• 13.5: Stellar Populations in the Galaxy
      We can roughly divide the stars in the Galaxy into two categories. Old stars with few heavy elements are referred to as population II stars and are found in the halo and in globular clusters. Population I stars contain more heavy elements than globular cluster and halo stars, are typically younger and found in the disk, and are especially concentrated in the spiral arms. The Sun is a member of population I.
    • 13.6: The Formation of the Galaxy
      The Galaxy began forming a little more than 13 billion years ago. Models suggest that the stars in the halo and globular clusters formed first, while the Galaxy was spherical. The gas, somewhat enriched in heavy elements by the first generation of stars, then collapsed from a spherical distribution to a rotating disk-shaped distribution. Stars are still forming today from the gas and dust that remain in the disk. Star formation occurs most rapidly in the spiral arms.
    • 13.7: The Discovery of Galaxies
      Faint star clusters, clouds of glowing gas, and galaxies all appeared as faint patches of light (or nebulae) in the telescopes available at the beginning of the twentieth century. It was only when Hubble measured the distance to the Andromeda galaxy using cepheid variables with the giant 2.5-meter reflector on Mount Wilson in 1924 that the existence of other galaxies similar to the Milky Way in size and content was established.
    • 13.8: Types of Galaxies
      Most bright galaxies are either spirals or ellipticals. Spiral galaxies contain both old and young stars, as well as interstellar matter, and have typical masses in the range of 10^9 to 10^12 \(M_{\text{Sun}}\). Ellipticals are spheroidal or slightly elongated systems that consist almost entirely of old stars, with very little interstellar matter. Elliptical galaxies range in size from giants, more massive than any spiral, down to dwarfs, with masses of only about 10^6 \(M_{\text{Sun}}\).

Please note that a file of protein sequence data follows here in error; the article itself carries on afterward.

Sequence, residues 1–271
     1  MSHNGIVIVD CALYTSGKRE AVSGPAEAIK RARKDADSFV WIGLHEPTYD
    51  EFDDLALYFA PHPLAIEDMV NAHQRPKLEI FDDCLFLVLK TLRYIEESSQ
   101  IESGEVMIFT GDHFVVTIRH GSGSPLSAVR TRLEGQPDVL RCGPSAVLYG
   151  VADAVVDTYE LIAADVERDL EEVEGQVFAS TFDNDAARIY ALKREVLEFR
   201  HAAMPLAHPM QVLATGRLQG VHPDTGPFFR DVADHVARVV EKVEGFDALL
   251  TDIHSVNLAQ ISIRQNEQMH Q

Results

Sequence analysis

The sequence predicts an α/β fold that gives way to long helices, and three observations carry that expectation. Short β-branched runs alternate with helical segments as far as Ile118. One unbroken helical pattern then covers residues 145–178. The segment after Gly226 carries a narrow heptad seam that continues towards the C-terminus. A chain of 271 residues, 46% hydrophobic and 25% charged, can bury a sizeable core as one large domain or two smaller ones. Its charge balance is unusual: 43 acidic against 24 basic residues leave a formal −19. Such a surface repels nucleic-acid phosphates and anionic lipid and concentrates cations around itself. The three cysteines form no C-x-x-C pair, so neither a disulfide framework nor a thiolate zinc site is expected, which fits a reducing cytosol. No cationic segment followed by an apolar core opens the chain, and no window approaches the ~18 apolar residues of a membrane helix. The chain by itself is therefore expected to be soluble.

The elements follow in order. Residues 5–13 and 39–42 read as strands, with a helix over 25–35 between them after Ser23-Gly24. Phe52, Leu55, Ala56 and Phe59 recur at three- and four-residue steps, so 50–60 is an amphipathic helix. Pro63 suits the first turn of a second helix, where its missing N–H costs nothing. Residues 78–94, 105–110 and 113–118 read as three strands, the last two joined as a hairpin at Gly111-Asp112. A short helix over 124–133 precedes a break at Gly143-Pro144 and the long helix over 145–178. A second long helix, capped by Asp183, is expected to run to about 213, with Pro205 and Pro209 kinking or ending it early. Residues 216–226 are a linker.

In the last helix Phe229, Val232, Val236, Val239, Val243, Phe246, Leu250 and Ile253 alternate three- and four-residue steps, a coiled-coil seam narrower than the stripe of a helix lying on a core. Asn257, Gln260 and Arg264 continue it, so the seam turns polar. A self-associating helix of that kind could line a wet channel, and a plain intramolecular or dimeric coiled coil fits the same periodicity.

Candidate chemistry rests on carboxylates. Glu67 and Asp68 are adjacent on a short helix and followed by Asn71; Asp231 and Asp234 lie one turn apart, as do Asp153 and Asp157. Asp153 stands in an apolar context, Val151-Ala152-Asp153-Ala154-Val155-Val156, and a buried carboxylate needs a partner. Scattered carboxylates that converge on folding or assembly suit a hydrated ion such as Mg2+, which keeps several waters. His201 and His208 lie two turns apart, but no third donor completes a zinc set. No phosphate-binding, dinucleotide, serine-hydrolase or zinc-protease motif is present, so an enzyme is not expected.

• 13.9: Properties of Galaxies
      The masses of spiral galaxies are determined from measurements of their rates of rotation. The masses of elliptical galaxies are estimated from analyses of the motions of the stars within them. Galaxies can be characterized by their mass-to-light ratios. The luminous parts of galaxies with active star formation typically have mass-to-light ratios in the range of 1 to 10; the luminous parts of elliptical galaxies typically have mass-to-light ratios of 10 to 20.
    • 13.10: The Extragalactic Distance Scale
      Astronomers determine the distances to galaxies using a variety of methods, including the period-luminosity relationship for cepheid variables; objects such as type Ia supernovae, which appear to be standard bulbs; and the Tully-Fisher relation, which connects the line broadening of 21-cm radiation to the luminosity of spiral galaxies. Each method has limitations in terms of its precision, the kinds of galaxies with which it can be used, and the range of distances over which it can be applied.
    • 13.11: The Expanding Universe
      The universe is expanding. Observations show that the spectral lines of distant galaxies are redshifted, and that their recession velocities are proportional to their distances from us, a relationship known as Hubble’s law. The rate of recession, called the Hubble constant, is approximately 22 kilometers per second per million light-years. We are not at the center of this expansion: an observer in any other galaxy would see the same pattern of expansion that we do.
    • 13.12: Quasars
      The first quasars discovered looked like stars but had strong radio emission. Their visible-light spectra at first seemed confusing, but then astronomers realized that they had much larger redshifts than stars. The quasar spectra obtained so far show redshifts ranging from 15% to more than 96% the speed of light. Observations with the Hubble Space Telescope show that quasars lie at the centers of galaxies and that both spirals and ellipticals can harbor quasars.
    • 13.13: Supermassive Black Holes- What Quasars really are